Before Iraq election, Arab and Kurd tensions soar in the north
Ahead of the March 7 Iraq election, tensions between Arabs and Kurds are soaring after an incident involving Kurdish troops and forces loyal to the Arab governor of Ninevah. Kurdish President Massoud Barzani told the Monitor that a warrant will soon be issued for the governor's arrest on a kidnapping charge.
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“It’s true, it had some repercussions on the relationship with the Americans,” said President Barzani. He said his normally warm relations with Gen. Ray Odierno – head of US forces in Iraq – were back on track and blamed the problem on a local US Army commander. Barzani said the joint patrols have resumed.Skip to next paragraph
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“Without the support of the local (US) commander and the Army, Nujaifi would not have been able to go to Talkeef or kidnap people,” said Barzani, president of the Kurdish Regional Government which runs the semi-autonomous north. He said he had seen the men after they were released and they showed signs of being whipped and beaten with rubber hoses.
Najaifi came to power pledging to roll back Kurdish gains. US officials say that he was pelted with rocks and tomatoes but that bullets were fired into the air rather than at him.
Unlike most other parts of the country, Iraqi forces and their US advisors in Mosul are still fighting an active insurgency. The violence has claimed thousands of Kurds and Arabs but the most recent targets are Iraqi Christians, who have suffered kidnappings and murders in recent weeks.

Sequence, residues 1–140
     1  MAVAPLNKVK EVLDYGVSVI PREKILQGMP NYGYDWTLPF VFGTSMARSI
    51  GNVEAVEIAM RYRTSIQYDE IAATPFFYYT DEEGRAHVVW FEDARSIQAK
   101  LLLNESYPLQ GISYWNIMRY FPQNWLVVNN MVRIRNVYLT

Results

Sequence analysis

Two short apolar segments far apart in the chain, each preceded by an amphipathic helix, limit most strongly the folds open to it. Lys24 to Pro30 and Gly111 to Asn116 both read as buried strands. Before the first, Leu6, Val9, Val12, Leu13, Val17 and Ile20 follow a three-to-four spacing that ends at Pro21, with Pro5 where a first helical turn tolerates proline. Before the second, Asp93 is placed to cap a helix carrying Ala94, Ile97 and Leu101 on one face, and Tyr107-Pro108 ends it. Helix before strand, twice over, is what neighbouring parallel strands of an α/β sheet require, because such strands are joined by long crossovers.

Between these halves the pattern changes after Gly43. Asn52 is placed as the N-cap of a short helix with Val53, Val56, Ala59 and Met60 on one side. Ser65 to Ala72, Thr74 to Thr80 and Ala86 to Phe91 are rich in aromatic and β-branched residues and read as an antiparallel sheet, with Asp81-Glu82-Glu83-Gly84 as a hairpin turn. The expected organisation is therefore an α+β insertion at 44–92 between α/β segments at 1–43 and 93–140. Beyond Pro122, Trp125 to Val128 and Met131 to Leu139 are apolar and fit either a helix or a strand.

The Kurdish government has taken in thousands of Christians who have fled their homes in Mosul. "This also shows the incompetence of the local government in Mosul," said Barzani.
The issue of the disputed territories, including Kirkuk, has been set aside since 2003 but will be a major issue looming over the new parliament. Saddam Hussein expelled hundreds of thousands of Kurds from their homes in an attempt to Arabize oil-rich Kirkuk and other cities. With the fall of Saddam, the Kurds have moved to regain territory and reverse those losses.
The Kurds had controlled Ninevah’s provincial council until Sunni Arabs lifted their boycott of elections and Nujaifi was elected last year. In a measure of the complications and entrenched confessionalism of Iraqi politics, Nujaifi has refused to appoint any of the remaining 12 Kurdish representatives to government posts and the Kurds have refused to attend provincial council sessions.
“If he is not agreeing to include them in the provincial council then how will he be able to govern the Kurdish people?” asked Barzani.
US officials say they are committed to the principle of the elected governor being able to go anywhere within his province but some question the timing of the operation.
“He is the governor - as much as they hate his guts, he is the governor,” said one senior US military official speaking on condition of anonymity. “The fact that they hate his guts is immaterial.”
He said the joint mechanism was aimed at coordinating with the Kurdish side for the governors’ movement rather than getting their approval. “Was it the right thing to do? You can debate that,” he said.